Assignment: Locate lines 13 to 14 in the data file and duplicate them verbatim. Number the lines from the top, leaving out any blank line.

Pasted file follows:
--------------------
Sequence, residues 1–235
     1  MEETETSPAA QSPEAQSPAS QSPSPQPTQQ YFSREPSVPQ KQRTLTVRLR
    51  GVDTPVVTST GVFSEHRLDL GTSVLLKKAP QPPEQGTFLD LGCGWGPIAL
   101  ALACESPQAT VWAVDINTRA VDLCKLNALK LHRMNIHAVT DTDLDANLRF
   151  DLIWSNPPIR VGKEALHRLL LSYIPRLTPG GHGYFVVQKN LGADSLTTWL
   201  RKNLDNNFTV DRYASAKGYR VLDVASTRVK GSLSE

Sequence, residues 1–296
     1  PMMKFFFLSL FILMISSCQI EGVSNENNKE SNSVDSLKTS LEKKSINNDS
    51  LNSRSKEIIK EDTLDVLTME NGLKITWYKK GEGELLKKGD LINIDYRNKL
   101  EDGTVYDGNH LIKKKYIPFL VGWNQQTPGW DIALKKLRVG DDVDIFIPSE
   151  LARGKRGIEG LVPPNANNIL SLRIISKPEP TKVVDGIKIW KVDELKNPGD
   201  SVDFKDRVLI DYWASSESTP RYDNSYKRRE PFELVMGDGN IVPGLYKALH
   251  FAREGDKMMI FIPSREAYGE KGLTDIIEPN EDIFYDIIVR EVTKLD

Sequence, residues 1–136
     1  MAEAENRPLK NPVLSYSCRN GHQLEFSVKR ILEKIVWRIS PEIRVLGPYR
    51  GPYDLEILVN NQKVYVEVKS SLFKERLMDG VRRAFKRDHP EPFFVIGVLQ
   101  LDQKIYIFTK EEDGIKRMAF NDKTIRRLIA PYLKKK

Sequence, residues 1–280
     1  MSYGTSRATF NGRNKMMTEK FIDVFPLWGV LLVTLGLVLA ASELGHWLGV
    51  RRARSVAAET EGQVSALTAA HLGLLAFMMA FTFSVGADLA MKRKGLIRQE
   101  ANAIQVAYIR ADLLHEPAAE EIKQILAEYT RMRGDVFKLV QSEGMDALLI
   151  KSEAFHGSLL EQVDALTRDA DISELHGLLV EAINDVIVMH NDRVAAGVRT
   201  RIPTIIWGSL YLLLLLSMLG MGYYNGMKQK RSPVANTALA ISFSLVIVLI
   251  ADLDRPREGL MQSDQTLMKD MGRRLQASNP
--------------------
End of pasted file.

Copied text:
   251  FAREGDKMMI FIPSREAYGE KGLTDIIEPN EDIFYDIIVR EVTKLD

Sequence, residues 1–136